Property rights to remember when moving from the U.S. to Canada - PropertyBlawg

Property rights to remember when moving from the U.S. to Canada

by camerontyler on June 13, 2012

When you move from one area to another, there will always be differences. However, these differences are often magnified when your new location is in another country. If you’re planning to move to a new country, it’s important to research the differences between the two locations before you actually make the move. For example, if you intend to move from the United States to Canada, it helps to research the property laws in Canada to determine what differences you may encounter. Below are some of the most important issues to consider before making such a move.

Right to purchase

Even if you’re not a Canadian citizen, you can still purchase property in Canada. You can either purchase an existing home or buy vacant land and build a new home on it. In either case, you’ll need to find a qualified Canadian lender to finance the purchase of the property. In addition, if you require the services of a real estate broker, you’ll need to locate one who’s licensed to work in Canada.

In most cases, Canadian lenders will finance up to 65 percent of the cost of the property for non-citizens. However, some borrowers may qualify for up to 75 percent financing if they have a strong credit history. If you’re moving to Canada, plan on offering a down payment equal to at least 25 percent of the purchase price. This is an important point to consider, since most American lenders will finance at least 80 percent of a property’s purchase price. In fact, Federal Housing Administration lenders in the United States will finance as much as 96.5 percent of a home’s price.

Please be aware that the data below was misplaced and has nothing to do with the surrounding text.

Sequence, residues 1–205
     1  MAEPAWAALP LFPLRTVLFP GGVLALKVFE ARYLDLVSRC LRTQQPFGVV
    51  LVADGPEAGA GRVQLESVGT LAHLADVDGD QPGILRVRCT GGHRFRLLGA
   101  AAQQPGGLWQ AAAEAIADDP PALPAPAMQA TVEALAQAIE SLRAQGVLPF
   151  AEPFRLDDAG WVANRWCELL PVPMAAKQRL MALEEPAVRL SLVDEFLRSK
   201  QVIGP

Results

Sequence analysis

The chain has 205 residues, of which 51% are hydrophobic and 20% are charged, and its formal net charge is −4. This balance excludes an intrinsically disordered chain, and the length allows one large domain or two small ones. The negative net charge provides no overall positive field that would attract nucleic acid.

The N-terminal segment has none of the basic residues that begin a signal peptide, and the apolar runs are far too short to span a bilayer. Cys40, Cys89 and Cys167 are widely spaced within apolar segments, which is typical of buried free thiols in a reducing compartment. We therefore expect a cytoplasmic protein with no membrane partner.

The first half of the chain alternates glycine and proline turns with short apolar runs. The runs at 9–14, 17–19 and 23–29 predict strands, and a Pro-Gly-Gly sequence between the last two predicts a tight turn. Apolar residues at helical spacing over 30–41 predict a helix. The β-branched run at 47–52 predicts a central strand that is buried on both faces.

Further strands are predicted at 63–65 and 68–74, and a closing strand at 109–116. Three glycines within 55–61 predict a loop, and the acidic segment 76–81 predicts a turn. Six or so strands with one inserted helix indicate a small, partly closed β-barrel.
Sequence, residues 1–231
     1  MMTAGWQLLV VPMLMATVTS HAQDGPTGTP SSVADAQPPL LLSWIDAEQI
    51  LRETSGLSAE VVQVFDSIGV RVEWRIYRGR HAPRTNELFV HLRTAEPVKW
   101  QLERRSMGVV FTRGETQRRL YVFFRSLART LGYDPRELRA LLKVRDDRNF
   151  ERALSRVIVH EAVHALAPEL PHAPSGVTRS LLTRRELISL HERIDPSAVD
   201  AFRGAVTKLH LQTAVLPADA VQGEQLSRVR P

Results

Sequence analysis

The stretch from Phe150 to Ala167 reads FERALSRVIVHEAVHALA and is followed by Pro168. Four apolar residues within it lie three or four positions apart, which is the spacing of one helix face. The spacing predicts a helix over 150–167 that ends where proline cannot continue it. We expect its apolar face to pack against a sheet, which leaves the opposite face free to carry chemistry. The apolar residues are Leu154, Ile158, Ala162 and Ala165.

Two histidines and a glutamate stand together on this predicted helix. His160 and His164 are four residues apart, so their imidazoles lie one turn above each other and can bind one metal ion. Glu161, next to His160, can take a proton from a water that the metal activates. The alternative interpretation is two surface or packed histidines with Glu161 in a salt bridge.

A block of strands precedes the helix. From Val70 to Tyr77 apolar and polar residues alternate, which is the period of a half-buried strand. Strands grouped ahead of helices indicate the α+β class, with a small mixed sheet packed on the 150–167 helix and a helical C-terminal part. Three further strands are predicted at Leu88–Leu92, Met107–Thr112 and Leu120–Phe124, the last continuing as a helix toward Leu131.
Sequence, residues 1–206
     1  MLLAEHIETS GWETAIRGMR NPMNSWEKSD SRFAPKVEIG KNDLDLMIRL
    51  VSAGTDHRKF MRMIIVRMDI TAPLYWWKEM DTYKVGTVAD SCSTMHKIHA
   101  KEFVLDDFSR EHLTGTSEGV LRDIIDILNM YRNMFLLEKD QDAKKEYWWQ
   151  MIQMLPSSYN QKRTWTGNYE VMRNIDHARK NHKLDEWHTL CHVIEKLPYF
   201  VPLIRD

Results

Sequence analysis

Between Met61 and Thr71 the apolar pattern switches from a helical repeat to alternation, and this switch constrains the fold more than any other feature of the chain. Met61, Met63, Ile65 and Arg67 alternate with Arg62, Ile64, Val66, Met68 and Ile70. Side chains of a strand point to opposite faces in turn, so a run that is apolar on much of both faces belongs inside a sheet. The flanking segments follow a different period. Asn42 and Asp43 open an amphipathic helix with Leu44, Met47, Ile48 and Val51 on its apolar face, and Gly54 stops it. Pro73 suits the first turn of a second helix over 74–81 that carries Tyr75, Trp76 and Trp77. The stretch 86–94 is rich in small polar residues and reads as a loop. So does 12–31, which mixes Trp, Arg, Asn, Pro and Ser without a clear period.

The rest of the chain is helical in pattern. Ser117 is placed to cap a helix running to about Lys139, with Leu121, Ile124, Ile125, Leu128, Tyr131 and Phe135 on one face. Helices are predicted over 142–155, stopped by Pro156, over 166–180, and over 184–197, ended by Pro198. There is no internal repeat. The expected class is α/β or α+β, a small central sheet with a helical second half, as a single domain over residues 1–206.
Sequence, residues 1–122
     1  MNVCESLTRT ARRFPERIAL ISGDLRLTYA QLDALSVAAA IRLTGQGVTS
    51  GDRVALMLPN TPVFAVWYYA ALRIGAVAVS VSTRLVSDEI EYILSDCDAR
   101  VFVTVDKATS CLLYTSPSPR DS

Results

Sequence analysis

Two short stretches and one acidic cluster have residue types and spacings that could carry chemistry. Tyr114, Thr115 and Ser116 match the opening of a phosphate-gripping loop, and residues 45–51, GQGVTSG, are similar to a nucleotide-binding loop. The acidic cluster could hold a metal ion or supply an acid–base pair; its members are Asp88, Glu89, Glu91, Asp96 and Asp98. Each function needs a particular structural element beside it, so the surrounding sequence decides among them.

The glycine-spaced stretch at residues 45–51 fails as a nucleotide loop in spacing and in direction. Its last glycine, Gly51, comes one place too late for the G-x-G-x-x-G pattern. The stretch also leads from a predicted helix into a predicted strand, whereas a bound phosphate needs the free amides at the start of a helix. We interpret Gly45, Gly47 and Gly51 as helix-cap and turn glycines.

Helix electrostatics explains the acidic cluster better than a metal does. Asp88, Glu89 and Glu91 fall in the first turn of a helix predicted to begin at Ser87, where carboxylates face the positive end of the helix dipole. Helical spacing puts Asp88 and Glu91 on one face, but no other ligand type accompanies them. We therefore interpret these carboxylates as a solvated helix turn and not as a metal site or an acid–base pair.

Land ownership in Canada isn’t the same as ownership in the United States. Canada is governed by British-derived common law, which stipulates that citizens and residents can’t actually “own” the land. Instead, the Crown grants them rights to hold the land and use it indefinitely. This is considerably different from the United States, where land ownership is more absolute in nature.

Right to use land

As in the United States, land in Canada is zoned by the government for specific uses. Each province has the power to zone the land within its boundaries as it sees fit. For example, land that the province has designated as commercial property can’t be used as a residential homestead or farm. For this reason, it’s important to check the zoning on any property you consider to make sure you’ll be able to use it for your desired purpose.

Moving to Canada

When the time comes to actually make the move to Canada, make sure that you hire a moving company that is licensed to work within Canada and the United States. You should also choose a company that’s familiar with international moving in general. In addition, you should check with the Better Business Bureau to ensure the company you choose is in good standing.

Moving from the United States to Canada is an exciting undertaking, but it can be stressful and confusing as well. By doing research in advance and remembering the aforementioned key points, you can gain an understanding of the laws and customs in your new home. This planning will not reduce the complications of the move and help you to make better decisions at every stage.

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